One would think, when exercising the body, that we are mindfully connected to our physical movements. But this is not always the case. In fact, when we exercise we often do it automatically, our minds busy with other thoughts and worries. This tendency to wander the mind when trying to tone up the body is when we lose capacity to synchronise mind and body in a way that would result in highly beneficial energy balance.

We exercise to relax and clear our heads, but if the focus is all on the body – continually pushing ourselves to greater exertion – we’re not relaxing at all. Nothing is actually in sync. Your thoughts are fraught and your body remains tired. None of this does you any good. But what if there were a better way? A way that would harmonise muscle and mood, exercise and energy, so that you are able to calm down and work all the senses to your advantage?

The physicality of relaxation

What if you could use your mind to relax your body – and your body to relax your mind? Working these two vitally interconnected systems consciously can bring clarity to the mind at the same time you power motion through the body. The answer to this is fairly simple: you have to change your thoughts to bring your mind into a state of calm in order to truly feel the re-energising process of exercise. Leaving an exercise regime feeling exhausted and wiped out is not helpful; the aim of Sophrology is to ensure a more comfortable feeling throughout the body and the mind.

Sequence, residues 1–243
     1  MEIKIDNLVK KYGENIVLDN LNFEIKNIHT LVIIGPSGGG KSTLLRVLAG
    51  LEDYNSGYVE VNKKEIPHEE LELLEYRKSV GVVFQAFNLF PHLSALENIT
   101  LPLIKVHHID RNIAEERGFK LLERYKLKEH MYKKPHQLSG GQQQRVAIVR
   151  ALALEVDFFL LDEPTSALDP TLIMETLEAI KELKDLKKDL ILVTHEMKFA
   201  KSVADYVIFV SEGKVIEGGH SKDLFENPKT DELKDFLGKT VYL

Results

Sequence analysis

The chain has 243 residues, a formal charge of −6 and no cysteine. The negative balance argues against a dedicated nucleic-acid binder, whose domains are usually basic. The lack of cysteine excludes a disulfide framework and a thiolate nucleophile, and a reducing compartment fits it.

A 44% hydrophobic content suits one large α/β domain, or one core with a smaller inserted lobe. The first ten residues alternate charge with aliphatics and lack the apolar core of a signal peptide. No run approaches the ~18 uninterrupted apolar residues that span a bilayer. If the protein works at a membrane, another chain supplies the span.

Let’s start with a look at the concept of relaxation – what it’s not is lying around on a Sunday or watching television all weekend. How many times have we done that, and woken on Monday morning feeling as though we have no energy, no power, no force for the week ahead, even though we have assumed we have ‘relaxed’.

The fact is, you did not relax at all. Your mind would have been full of past incidents, mulling and angonising until your train of thought is on a high negative power trip. Or you fill your thoughts with concerns about the future (that meeting on Tuesday, the report to be completed, a conflict to be resolved, etc). The lists go on. But often lying on the couch or running around the park does not necessarily motivate, re-energise or prepare you for the week to come.